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The series starts off slow before shifting to a far pacier, more page-turning style halfway through book 2 that exponentially increases in future installments. I loved this strategy because it gives us plenty of chances to really get to know the main players, for the writer to develop the world and set the stage, before it explodes, often literally. Because despite the intricate plot, the twists, and the double-crossing, it really would all be hollow without the complex, multi-faceted, effortlessly diverse cast of characters for us to root for, to drive the narrative.
And the characters themselves are more than worthy of the time and attention they get on the page. Each gets their own developmental arc and story threads to prove themselves but also fail and learn, suffer and fight and grow. Whether Jess (whose singular POV tells the story in books 1-3 before a multi-character narration for books 4 and 5 when many of them are separated), Dario Santiago with his royal Spanish lineage, the gentle yet physically imposing German engineering genius Thomas, the hijab-wearing, intelligent, brilliant, compassionate badass Khalila, the fiercely loyal, competent born soldier and leader Glain, or the enigmatic Morgan who holds more raw, elemental power within her than any of them.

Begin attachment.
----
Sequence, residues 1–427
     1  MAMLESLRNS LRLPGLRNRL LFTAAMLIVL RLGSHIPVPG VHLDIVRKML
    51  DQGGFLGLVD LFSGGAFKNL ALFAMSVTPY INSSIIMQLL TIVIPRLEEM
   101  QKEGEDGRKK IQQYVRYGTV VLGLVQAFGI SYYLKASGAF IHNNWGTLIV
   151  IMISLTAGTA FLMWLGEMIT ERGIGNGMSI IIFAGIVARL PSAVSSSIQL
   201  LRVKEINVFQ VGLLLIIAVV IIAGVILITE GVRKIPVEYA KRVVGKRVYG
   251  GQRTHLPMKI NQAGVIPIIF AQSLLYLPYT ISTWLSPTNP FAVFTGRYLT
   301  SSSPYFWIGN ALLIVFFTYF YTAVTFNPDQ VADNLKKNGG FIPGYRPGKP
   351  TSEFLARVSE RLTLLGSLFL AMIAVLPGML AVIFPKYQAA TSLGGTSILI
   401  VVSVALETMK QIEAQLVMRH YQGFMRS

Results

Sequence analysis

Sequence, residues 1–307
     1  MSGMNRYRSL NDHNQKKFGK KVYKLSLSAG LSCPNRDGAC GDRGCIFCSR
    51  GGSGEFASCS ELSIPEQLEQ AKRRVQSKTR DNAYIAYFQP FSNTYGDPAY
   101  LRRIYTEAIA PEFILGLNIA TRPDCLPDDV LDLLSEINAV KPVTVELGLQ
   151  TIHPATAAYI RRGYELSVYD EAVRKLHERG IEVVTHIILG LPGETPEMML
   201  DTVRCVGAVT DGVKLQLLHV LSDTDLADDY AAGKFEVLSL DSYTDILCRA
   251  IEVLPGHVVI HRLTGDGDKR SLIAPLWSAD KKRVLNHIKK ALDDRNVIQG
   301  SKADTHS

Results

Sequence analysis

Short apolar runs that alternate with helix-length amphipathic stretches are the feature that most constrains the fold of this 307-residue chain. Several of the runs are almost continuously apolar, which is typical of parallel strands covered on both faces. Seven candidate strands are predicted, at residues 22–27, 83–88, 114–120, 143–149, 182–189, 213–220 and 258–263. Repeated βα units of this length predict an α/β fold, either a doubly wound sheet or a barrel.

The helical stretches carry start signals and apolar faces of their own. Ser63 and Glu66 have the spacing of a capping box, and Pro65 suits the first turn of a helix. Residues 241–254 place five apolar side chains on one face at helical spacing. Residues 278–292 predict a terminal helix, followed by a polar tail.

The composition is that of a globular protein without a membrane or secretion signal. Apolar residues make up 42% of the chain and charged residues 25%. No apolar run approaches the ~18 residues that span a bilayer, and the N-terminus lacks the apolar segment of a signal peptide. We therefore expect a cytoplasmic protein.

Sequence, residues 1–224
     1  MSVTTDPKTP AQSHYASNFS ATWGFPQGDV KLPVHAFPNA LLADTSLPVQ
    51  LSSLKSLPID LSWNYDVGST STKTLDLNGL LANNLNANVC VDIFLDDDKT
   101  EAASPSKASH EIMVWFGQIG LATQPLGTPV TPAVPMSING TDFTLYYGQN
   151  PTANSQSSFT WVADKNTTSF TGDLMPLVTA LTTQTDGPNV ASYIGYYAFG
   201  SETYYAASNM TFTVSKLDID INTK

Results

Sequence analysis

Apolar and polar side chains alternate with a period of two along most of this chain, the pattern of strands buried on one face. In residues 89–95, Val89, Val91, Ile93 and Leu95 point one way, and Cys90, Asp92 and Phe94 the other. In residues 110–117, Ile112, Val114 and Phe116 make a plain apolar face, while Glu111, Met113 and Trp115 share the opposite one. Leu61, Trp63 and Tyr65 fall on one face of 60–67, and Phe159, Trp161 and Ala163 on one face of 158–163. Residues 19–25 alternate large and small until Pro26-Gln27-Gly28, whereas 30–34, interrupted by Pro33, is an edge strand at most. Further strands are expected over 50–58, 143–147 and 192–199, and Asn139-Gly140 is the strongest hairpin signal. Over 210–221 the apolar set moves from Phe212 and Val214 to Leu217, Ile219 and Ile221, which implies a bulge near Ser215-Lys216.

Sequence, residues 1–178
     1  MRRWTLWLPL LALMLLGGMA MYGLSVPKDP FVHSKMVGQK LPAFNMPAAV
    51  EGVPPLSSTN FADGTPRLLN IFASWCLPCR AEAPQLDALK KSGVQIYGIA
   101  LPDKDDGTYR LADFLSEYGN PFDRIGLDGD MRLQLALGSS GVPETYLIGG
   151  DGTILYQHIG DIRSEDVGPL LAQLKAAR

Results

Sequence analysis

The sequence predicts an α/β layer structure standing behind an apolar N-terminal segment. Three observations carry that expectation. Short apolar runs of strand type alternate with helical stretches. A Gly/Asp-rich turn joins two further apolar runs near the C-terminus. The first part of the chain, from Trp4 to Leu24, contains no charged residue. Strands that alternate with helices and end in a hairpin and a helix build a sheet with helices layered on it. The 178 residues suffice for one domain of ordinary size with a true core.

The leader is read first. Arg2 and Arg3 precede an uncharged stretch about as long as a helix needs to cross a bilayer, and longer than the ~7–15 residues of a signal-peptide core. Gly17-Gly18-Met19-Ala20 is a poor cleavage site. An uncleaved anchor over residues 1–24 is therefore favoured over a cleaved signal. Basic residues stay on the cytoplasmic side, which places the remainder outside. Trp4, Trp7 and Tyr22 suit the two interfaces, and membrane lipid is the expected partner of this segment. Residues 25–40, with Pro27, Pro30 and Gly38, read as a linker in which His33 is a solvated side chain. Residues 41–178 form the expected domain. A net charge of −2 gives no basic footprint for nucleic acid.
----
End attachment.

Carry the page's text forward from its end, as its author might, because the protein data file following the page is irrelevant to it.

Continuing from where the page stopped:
As the action amped up over the course of the series, I cherished the rare moments of quiet these characters get to share with each other and as a group because those moments as much as the ones where they act show how far they’ve come as individuals and together, how much has changed, for the better and through unavoidable circumstance. In my humble opinion, Caine did a fabulous job of consistently balancing all her narrative elements.
This is a series that is violent, gruesome, dark, and doesn’t flinch from the realities of battle, but there is also my favourite kind of humour (dry and witty); there is laughter and moments of love and joy and hope. The books, for all the idealism of many of these characters, recognise that there is no such thing as a happily-ever-after and while the ending is hopeful, it also takes into account the after-effects, of the considerable work to be done after that war is won, after those enemies are defeated. The work of survival and of rebuilding, of change and adapting without giving up on your principles. A process that is oftentimes harder than fighting in and winning the actual war.
At its heart, this is a story about fighting for what we believe in even if it requires everything we have to give and more. It’s about hope in a tomorrow that may not be perfect but is infinitely better and worth sacrificing for. It’s about one of the most memorable found families I’ve ever read about and how that kind of kinship, those bonds of love and loyalty through it all, can be one of the biggest strengths and sources of light there is. 
“In this place we burn the lamp of knowledge that never goes out. We light the world.”